Updated on Friday, November 20, 2020
Unlike cash, checks have an expiration date. And while waiting a few days or even weeks to cash a check likely wonâ€™t be a problem, if you wait several months, you may not be able to.
When do checks expire, and what should you do if you find an old check? That all depends. In this article, weâ€™ll cover the expiration guidelines for different types of checks, as well as what to do if you come across an old check.
In general, checks typically are good for about six months, but the expiration window can be shorter, longer or nonexistent. The exact time at which a check will expire depends on the type of bank and the bankâ€™s discretion, as shown in the table below.
|Types of Checks and When They Expire|
|Check Type||When It Expires|
|Personal check||Typically six months|
|Money order||Do not expire, though may be subject to issuer fees and â€śabandoned propertyâ€ť laws in some states|
|Cashierâ€™s check||Varies by issuing bank|
|State/local government check||Varies by state, though typically six to 12 months|
|U.S. Treasury check||12 months|
|Travelerâ€™s check||Do not expire|
These bank-issued paper slips allow account holders to pay an individual, business or other organization without the immediate exchange of cash. Once received, the payee must cash the check at a bank or check-cashing institution. Do personal checks expire? Yes, and much faster than the other types of checks covered in this article. Though you should cash the check as soon as possible, you typically have six months, or 180 days, to do so.
A money order is a secured certificate of payment that is issued by a third party, such as a bank, grocery store, post office or financial service like Western Union. While money orders technically donâ€™t expire, that doesnâ€™t mean they infinitely retain value.
While some issuers, such as the USPS, will honor the full value of a money order indefinitely, other issuers will charge a fee after a certain amount of time has passed. If you have a money order, the best way to determine the expiration date is to check with the issuer.
Fees arenâ€™t the only potential issue. Uncashed money orders can also be subject to state abandoned or unclaimed property laws, which means that, after a certain number of years, the money is turned over to the state, and the payee must file the appropriate paperwork to claim the cash.
Much like a personal check, cashierâ€™s checks are issued by a financial institution â€” such as a bank or credit union â€” and used as a form of payment. These checks are guaranteed by the issuing institution, as opposed to your personal account, and are often used for large purchases.
Cashier check expiry dates are determined by the issuing institution. In some cases, they may expire in two to six months, though they can be valid as long as the bank is in business. Your best bet is to examine the check to see if there is a â€śvoid afterâ€ť or expiration date.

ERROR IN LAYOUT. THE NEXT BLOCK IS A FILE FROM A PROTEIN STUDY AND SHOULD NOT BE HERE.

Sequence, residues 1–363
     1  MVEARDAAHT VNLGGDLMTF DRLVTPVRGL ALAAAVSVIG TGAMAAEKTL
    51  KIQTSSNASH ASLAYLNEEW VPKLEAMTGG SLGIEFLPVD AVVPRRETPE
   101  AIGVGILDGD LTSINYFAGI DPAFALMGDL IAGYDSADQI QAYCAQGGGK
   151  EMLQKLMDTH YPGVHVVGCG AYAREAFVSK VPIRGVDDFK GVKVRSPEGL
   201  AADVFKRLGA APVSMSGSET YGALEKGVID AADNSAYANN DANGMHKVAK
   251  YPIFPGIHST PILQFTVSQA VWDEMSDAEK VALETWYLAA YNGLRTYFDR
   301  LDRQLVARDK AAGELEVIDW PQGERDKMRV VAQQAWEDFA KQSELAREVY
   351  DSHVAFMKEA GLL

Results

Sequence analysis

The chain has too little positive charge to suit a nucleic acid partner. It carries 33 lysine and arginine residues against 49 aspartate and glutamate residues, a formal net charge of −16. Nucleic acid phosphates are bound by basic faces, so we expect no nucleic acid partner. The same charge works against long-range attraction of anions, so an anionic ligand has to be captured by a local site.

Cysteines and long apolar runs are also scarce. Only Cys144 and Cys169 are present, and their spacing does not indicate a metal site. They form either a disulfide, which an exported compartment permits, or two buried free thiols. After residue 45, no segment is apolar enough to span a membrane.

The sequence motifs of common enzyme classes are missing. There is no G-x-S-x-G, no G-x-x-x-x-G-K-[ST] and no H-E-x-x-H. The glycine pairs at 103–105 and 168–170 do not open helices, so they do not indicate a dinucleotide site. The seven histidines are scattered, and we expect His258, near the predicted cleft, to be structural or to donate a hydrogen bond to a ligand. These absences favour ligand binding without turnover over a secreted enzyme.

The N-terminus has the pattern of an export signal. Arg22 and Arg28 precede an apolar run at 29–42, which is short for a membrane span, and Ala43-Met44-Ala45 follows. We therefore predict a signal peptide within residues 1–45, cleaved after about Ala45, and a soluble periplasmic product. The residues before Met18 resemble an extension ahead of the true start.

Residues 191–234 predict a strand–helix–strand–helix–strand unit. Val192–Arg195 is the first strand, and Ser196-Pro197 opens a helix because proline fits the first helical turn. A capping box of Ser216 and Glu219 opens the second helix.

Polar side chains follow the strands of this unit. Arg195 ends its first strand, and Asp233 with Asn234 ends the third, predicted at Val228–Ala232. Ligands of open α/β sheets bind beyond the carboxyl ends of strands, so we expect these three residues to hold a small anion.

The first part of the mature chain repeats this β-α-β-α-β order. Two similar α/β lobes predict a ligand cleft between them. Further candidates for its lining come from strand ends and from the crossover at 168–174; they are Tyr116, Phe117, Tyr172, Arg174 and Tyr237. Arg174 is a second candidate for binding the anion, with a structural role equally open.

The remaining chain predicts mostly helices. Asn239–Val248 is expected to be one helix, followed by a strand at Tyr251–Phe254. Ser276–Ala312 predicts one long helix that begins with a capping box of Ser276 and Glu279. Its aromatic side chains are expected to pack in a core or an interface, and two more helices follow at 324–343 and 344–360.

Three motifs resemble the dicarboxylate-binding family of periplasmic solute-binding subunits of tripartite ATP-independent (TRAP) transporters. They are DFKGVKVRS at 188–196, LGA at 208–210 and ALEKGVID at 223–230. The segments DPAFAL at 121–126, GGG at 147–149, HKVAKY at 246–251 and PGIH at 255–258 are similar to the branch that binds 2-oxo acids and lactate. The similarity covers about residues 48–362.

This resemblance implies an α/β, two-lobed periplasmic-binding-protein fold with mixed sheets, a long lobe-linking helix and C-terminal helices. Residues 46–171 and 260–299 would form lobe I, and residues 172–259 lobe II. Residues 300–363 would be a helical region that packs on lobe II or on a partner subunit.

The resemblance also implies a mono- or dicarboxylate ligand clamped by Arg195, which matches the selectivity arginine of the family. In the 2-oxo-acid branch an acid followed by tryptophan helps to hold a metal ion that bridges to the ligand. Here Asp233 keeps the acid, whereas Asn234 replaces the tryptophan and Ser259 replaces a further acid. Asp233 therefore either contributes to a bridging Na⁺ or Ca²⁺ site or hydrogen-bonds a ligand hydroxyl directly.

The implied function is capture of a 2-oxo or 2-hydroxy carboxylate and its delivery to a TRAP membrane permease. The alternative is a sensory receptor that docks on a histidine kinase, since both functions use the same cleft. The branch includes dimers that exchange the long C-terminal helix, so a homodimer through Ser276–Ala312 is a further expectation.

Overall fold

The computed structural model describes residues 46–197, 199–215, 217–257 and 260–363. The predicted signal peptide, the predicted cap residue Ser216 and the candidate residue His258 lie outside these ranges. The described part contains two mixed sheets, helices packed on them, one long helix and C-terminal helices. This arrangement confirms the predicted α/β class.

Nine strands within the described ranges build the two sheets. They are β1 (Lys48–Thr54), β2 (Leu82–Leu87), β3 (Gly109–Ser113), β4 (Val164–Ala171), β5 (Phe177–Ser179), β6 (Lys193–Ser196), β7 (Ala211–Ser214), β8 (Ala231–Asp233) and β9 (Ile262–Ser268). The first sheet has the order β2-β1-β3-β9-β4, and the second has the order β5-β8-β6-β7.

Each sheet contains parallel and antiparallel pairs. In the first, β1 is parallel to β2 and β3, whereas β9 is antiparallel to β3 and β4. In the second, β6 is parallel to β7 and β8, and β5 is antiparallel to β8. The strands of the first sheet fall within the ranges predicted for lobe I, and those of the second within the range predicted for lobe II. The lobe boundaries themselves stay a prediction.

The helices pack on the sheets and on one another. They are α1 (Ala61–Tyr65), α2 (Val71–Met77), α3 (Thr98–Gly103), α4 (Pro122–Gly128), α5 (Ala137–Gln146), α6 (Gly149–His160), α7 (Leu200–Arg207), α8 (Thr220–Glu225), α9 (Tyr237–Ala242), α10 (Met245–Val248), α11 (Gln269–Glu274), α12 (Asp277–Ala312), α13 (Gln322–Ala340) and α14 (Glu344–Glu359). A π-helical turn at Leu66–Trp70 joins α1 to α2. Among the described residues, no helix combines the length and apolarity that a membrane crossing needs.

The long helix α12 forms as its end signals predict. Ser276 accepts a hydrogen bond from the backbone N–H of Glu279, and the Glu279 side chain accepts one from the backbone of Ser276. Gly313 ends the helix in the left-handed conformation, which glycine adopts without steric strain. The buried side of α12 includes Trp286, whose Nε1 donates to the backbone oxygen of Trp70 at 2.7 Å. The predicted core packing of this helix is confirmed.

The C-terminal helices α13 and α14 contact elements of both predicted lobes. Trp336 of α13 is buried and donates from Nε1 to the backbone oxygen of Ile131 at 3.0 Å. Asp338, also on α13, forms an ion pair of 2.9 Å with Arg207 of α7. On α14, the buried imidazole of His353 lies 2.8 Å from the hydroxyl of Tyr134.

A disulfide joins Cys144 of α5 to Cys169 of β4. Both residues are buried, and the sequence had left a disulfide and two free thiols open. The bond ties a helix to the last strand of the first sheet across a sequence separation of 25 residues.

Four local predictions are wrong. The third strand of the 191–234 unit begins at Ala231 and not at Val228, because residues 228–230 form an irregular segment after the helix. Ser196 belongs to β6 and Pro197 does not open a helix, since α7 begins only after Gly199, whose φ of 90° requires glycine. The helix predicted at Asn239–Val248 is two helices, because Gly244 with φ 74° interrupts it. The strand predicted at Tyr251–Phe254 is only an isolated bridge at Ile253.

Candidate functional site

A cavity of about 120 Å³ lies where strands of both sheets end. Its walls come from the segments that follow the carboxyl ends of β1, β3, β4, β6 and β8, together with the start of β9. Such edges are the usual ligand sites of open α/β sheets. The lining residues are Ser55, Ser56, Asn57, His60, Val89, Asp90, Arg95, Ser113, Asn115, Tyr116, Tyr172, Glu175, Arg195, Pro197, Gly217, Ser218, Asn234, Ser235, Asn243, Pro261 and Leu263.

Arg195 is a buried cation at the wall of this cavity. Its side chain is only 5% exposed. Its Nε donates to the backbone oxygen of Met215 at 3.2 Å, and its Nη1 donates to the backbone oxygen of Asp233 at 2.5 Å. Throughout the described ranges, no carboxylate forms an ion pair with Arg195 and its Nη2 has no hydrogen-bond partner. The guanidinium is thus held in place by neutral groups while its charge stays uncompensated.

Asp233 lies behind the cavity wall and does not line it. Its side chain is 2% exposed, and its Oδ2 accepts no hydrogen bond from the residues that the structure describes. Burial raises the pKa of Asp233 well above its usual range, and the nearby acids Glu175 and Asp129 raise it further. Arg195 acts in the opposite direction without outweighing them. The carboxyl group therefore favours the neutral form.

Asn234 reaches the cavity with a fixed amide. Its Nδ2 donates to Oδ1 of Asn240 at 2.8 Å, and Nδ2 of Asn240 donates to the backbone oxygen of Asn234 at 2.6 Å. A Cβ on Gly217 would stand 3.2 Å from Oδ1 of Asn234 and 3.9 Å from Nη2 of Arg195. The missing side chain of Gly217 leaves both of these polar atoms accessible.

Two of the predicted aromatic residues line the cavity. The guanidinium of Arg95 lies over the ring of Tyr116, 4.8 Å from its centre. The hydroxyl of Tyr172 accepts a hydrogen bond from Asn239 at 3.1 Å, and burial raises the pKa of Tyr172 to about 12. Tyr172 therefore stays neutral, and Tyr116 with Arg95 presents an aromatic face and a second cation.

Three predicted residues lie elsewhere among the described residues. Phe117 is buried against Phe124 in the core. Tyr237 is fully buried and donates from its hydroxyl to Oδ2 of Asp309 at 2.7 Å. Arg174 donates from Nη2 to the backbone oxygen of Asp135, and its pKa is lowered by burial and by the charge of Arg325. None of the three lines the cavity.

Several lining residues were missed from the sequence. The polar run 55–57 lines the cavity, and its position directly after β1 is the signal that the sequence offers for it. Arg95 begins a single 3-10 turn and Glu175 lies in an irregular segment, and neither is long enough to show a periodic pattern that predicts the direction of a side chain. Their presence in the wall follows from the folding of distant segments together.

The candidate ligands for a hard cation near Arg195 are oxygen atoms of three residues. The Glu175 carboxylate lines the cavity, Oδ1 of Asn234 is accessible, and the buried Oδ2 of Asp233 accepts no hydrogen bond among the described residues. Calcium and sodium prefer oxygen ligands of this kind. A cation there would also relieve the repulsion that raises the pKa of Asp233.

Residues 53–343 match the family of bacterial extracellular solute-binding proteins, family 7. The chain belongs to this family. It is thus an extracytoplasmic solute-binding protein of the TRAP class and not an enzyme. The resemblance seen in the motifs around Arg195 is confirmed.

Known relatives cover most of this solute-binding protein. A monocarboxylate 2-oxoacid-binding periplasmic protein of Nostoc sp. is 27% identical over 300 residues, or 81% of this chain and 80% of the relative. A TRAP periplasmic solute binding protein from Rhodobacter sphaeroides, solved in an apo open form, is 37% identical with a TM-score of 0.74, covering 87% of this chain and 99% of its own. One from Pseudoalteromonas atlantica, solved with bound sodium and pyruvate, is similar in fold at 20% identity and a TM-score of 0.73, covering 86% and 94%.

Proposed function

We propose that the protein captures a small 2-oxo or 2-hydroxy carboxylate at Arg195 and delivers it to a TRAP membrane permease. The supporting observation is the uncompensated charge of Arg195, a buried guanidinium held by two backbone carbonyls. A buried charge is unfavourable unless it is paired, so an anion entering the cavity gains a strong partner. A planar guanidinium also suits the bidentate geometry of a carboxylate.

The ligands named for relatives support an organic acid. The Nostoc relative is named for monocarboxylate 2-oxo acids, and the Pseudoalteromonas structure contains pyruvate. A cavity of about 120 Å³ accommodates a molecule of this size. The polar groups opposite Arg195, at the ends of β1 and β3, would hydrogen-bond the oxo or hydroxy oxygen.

State and local government checks, like tax refunds, do expire, but check expiry dates vary from state to state. Typically, you can expect a local or state government check to expire within six months to a year.
To find out, examine your check for government check dates that indicate when it will expire. Even if the government check has expired, you are still entitled to the money. Youâ€™ll just need to contact the issuing entity and request a new check.
Checks issued by the U.S. Treasury, including federal tax return checks, are good for one year after they are issued. Like state or local government checks, if your Treasury check has expired, youâ€™re still entitled to the money and can request to have a check reissued.
Travelerâ€™s checks are paper slips issued by financial institutions and traditionally used while traveling nationally or globally. They can be used as cash and will not expire. The only time you may have an issue using a travelerâ€™s check is if the issuing bank is no longer in business.
If you have an expired or stale check, the resolution depends entirely on the type of check and the issuing entity. In some cases, you may still be able to access the funds, but it may not be easy. In other cases, the funds may be unavailable or reduced due to fees. As such, itâ€™s always a good idea to cash a check as soon as you receive it.
If you find yourself with an expired check on hand, here are some things to keep in mind:
Finding and attempting to cash a stale check can be a hassle, but waiting for a check to clear can also create issues. Itâ€™s easy to forget about a check that was written months ago. And unfortunately, when the recipient finally does cash the check, your account may no longer have the funds to cover it. That can lead to overdraft fees, bounced check fees or issues meeting other payment requirements. Even if you do have enough funds to cover the check, the unexpected withdrawal can wreak havoc on your budget.
An uncashed check doesnâ€™t necessarily mean the recipient is still holding onto it. The check may be lost or stolen, and since your account number and routing number are located at the bottom of the check, your account security can also become an issue.
If youâ€™ve been waiting for a check to be cashed, there are a few things you can do to avoid unwanted issues: